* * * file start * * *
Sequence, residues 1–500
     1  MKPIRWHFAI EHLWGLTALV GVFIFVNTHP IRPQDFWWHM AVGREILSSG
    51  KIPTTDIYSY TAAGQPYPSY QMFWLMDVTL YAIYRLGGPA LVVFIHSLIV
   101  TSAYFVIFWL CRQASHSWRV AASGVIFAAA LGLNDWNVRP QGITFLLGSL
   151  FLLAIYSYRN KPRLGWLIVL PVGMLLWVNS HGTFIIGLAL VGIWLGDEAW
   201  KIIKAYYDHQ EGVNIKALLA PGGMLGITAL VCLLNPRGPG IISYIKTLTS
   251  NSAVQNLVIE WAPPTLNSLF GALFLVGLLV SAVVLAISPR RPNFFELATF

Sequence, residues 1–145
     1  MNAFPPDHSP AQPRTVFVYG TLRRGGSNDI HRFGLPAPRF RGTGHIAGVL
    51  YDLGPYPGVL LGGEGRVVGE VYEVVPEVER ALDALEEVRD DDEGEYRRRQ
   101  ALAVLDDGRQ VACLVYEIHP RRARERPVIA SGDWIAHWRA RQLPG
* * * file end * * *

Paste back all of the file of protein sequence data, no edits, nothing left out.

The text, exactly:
Sequence, residues 1–500
     1  MKPIRWHFAI EHLWGLTALV GVFIFVNTHP IRPQDFWWHM AVGREILSSG
    51  KIPTTDIYSY TAAGQPYPSY QMFWLMDVTL YAIYRLGGPA LVVFIHSLIV
   101  TSAYFVIFWL CRQASHSWRV AASGVIFAAA LGLNDWNVRP QGITFLLGSL
   151  FLLAIYSYRN KPRLGWLIVL PVGMLLWVNS HGTFIIGLAL VGIWLGDEAW
   201  KIIKAYYDHQ EGVNIKALLA PGGMLGITAL VCLLNPRGPG IISYIKTLTS
   251  NSAVQNLVIE WAPPTLNSLF GALFLVGLLV SAVVLAISPR RPNFFELATF

Sequence, residues 1–145
     1  MNAFPPDHSP AQPRTVFVYG TLRRGGSNDI HRFGLPAPRF RGTGHIAGVL
    51  YDLGPYPGVL LGGEGRVVGE VYEVVPEVER ALDALEEVRD DDEGEYRRRQ
   101  ALAVLDDGRQ VACLVYEIHP RRARERPVIA SGDWIAHWRA RQLPG